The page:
In honor of Halloween and Hurricane Sandy (relevance to be explained), today I’m going to indulge in one of my favorite topics: robots.
When I think of robots, I like to picture the cartoon and movie ones, appropriate for a day like October 31 in their weird hybrid of human and inhuman characteristics. Such hybrids force us to think about the social and ethical influences of technology, human hubris and some of the simultaneously most exciting and terrifying aspects of our future (so, you know, some casual Wednesday afternoon-type thinking). And they can be extremely useful tools in psychology and neuroscience, in that we can use robotic technology to refine and apply our understanding of the inner-workings of our own minds (check out Brian Scassellati’s robotics work at Yale with implications for human social interaction).
But robots seem to be catching a bad rep these days, since they are often brought up in the context of drones: unmanned aerial vehicles used by the U.S. military in overseas combat and intelligence gathering. Their use is supported by both President Obama and Mitt Romney, and controversy swirls around the civilian casualties they can cause as well as possible security holes in the technology. These kinds of problems probably say far more about the people deploying these vehicles than the vehicles themselves. Nonetheless, it’s worth considering the ongoing but less publicized effort to create humanitarian roles for robotic technology. Small robots are actually being used to survey the damage caused by Hurricane Sandy, and NASA is working on a set of drones for tracking hurricanes (see the original post on this at robots.net). Texas A&M University has even got an entire research program looking to expand robot-assisted search and rescue operations, cleverly entitled “Robotics Without Borders.” Perhaps most startling, though, is that you can purchase one of the drones being used in Vernon, CT to record post-Sandy destruction to the area. Paris-based manufacturer Parrot markets their drone as a “flying video game,” and it’s basically a glorified flying camera with a WiFi system allowing you to control it from your smartphone or tablet. Then again: it’s a flying camera that you can control with your smartphone or tablet. If you think about it, that’s not exactly a trivial gadget.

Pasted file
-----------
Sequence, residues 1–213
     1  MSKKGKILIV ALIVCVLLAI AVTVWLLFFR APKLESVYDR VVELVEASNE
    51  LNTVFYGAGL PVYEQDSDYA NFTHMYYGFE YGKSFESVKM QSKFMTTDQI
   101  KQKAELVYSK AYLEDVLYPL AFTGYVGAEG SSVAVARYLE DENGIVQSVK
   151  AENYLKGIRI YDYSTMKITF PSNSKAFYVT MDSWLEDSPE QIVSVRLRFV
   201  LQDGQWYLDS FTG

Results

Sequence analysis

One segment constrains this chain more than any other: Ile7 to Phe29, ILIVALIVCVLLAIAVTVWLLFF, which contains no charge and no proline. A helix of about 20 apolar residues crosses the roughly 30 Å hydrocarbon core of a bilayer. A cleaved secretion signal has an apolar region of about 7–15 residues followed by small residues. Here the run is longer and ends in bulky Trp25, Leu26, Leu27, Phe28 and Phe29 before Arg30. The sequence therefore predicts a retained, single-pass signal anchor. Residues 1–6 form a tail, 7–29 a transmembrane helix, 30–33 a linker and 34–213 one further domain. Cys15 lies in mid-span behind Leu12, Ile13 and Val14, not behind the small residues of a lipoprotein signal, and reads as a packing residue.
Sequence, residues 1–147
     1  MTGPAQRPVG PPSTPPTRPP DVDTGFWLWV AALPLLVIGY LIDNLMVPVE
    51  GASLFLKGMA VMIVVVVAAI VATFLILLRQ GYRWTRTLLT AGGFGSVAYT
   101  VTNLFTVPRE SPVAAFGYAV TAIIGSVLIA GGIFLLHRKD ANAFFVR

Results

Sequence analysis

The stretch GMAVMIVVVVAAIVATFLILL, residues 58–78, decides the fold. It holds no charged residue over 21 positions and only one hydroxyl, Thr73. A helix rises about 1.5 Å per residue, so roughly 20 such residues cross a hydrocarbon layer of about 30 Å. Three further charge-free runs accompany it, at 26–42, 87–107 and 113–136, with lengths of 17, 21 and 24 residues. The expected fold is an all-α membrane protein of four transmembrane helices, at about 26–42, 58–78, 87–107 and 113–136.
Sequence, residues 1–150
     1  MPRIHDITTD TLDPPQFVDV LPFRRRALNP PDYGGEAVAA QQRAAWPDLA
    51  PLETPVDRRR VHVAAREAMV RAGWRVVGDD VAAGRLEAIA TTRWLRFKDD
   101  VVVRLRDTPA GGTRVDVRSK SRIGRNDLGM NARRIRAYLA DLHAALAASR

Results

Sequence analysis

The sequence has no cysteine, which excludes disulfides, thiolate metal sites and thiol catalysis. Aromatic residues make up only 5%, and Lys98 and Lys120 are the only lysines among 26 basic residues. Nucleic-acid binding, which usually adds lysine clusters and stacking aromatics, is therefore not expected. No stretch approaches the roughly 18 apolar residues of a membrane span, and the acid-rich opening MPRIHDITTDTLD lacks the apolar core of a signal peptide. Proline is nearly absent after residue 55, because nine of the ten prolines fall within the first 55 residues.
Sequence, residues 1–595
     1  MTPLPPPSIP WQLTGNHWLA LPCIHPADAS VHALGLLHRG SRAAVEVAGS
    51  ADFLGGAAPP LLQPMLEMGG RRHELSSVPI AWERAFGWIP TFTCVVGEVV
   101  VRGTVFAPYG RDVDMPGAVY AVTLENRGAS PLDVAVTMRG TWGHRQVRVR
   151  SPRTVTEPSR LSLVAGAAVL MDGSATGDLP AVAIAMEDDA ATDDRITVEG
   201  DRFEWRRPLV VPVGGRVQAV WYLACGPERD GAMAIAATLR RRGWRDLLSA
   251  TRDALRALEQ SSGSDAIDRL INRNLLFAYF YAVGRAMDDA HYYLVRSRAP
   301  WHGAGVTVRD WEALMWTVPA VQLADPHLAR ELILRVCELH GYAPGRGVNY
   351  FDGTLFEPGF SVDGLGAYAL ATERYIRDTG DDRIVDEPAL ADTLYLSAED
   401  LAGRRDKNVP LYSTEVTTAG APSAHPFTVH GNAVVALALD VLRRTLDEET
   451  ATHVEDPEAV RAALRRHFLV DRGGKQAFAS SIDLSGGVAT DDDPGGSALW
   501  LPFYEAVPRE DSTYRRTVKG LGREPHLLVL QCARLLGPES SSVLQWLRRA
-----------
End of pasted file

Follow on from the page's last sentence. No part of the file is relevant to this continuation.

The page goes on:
These devices are a long way from the walking, talking humanoids sci-fi dreams are made of. But the technology is still pretty spectacular, and their presence just seems to be growing – meaning we’re long overdue for open conversations on the ways robot technology can be safely and ethically incorporated into our lives. For tonight, it might be enough to pop in Blade Runner. But it is something to keep in (your flesh-and-blood, non silicon-based) mind.
*An update: For a more extensive look at the dangers posed by robot soldiers, check out this op-ed in the Wall Street Journal by Jonathan Moreno, CNS faculty member, David and Lyn Silfen University Professor of Ethics at Penn and senior fellow at the Center for American Progress.